Thanks for your input on this.
What models were those found in?
Any post 67 Mid Sized Ford with an 8”…mainly 6 banger of the following models, Mustang, Cougar, Falcon, Comet, Maverick
Strength , nothing is built so strong it can not be broken by abuse . When I was a teenager , my 67 Fairlane had a 390 4 speed , I swapped in a 428 SCJ , it took 2 weeks to blow the carrier retaining bolts , out of the case . The next move was N case with Daytona pinion support . It lasted until I sold the car . The very strangest thing that I could not believe is the driveshaft was 2 piece , one pressed into the other with a rubber sleeve between the 2 pieces , it never gave me one issue .
Also Fairlane, Torino, Montego (each through '71), Granada, Monarch, and Versailles with a 302 or smaller motor (excluding the 289 HiPo) . The exception on the last three was if ordered with 4 wheel discs, the axle would be a 9". There were also some 351W powered versions of those three with the 8".
If you're going to the junkyard, look for the 302 powered cars. Should be able to still find one somewhere. Millions were built. I'd look for a Maverick Grabber for a complete axle swap but those are getting scarce.
For center sections also look at Mustang II's. Also Pinto and Bobcat V6's, esp. station wagons. I found a couple of 3.55 gear sets in the V6, manual trans wagons.
What key factor or factors made this post 8" greater than the pre 67's?
BITD , we used to beat the crap out of 55 - 64 Chevy rears , up to 409's ! Those chev rears are considered less stout compared to 10 bolt chev & 8" fords . 9" is POPULAR because of its NASCAR use & aftermarket support & media advertising . All that doesn't mean you have to have one !
Seriously? The difference is nil, not worth arguing about. My point is you'll spend similar money on the 9" and have the strength, too. Housing and parts availability with the 9" is great, outfits like Currie can build just about anything you want. If I had something light that would never be womped on, sure, I would use an 8" if I had it, but if I had to spend money, would try to get a 9". I had planned to use the 8" in my 65 Caliente in my chopped 51, but sold that one, so at some point will have a narrow 8" available for someone with a cruiser. At the extreme end, I have 3 narrow 9" units, a 40 spline Mark Williams with a spool, a 40 spline Strange in the Falcon, both with 4-links, and a 35 spline with a Detroit Locker/ 4.30s and ladder bars that may go in the 56 Bird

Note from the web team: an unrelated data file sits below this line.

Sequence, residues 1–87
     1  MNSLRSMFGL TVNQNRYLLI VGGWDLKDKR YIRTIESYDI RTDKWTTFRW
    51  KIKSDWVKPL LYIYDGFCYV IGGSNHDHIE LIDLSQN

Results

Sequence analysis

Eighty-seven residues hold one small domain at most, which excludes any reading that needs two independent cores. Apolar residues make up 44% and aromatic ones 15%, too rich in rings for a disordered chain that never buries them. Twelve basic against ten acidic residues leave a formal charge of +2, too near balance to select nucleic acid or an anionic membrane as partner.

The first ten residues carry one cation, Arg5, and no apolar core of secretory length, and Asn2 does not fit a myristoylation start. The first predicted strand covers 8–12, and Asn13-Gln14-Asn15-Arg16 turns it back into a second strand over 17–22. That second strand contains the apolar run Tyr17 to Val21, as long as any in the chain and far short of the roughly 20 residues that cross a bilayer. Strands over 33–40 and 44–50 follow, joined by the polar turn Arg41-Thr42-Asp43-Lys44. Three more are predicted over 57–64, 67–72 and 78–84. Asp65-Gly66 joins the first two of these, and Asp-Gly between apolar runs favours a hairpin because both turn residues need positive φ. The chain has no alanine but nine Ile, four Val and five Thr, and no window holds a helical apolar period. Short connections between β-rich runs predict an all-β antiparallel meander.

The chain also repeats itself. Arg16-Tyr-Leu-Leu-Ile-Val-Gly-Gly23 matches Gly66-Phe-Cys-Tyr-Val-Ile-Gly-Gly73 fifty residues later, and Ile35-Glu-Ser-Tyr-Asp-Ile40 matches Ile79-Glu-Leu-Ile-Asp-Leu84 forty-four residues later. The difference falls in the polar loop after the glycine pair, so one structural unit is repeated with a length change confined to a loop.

Making me nervous I have a 351w with an 8"
See post #42.
No problem if you don't hook the car up and dump the clutch @ high rpm.
Thanks for saying that. Sometimes suggestions are not appreciated, so I'm glad you took them as intended.
As for the 3rd member. I think you already have a nice looking car and don't really want to get too deep $$$ wise into doing things like upgrading to a 9" as well as possibly dropping money in for a transmission upgrade. If you search, you will come across a newer 8" third member ....or complete rear end.
What I would do is weigh the economics of obtaining an 8" and having the 3rd member built with new gears and some sort of posi type system. If you find that you can get an 8" rearend, simply swap the center section and resell it for what you gave for it. Then buy a posi (and get it built. If you just find a center section, get it built and save your old one in case you ever do tear the new one up.
There are some narrow Ford 9" rears but they are almost impossible to find and people always want lots of money if you do find one. They have smaller axles and smaller bearings, so they are not much better than an 8"....if any.
Its really better to buy a complete 9" because the odds n ends parts will get expensive. You can pick up 9' rears complete for about $150 each. I bought 3 last year in one day and gave $150 or less for each one. People ask more but they usually want to sell and will take less. Then you have bigger axles even if they are 28 spline. Narrowing a housing is pretty easy, and then get someone local to respline and shorten them........or order some quality Moser axles. By the time you buy new bearings, respline, shorten, and drill for wheel pattern......I'd just buy the new Mosers.
Then the rear end that you have under your car becomes valuable because there is always someone wanting one that will not need to be narrowed and they can just bolt it in their car. It offsets the expense of the 9". Probably get quite a bit for it because someone always wants one they can simply bolt in............
Gear ratios and posis for 9" are more plentiful and possibly less expensive.
Summing it all up..........
The simplest choice is finding another 8" with the better pumpkin. But a little more time and effort will provide a 9" and the cost can be offset by the value of your current narrow 8".
Actually, the simplest option is to find an 8.8 from an Explorer. 3.50, 3.73, or 4.10 , most with Traction Lock.
Easy to narrow.
They aren’t accepted by many here, though.
Yep, my 97 Exploder is one with the 5.0, AOD, and 3.73 TL, disc brakes. Keep waiting for the vehicle to go south and mine it for driveline, but it runs and drives great, frigid AC, just keeps chuggin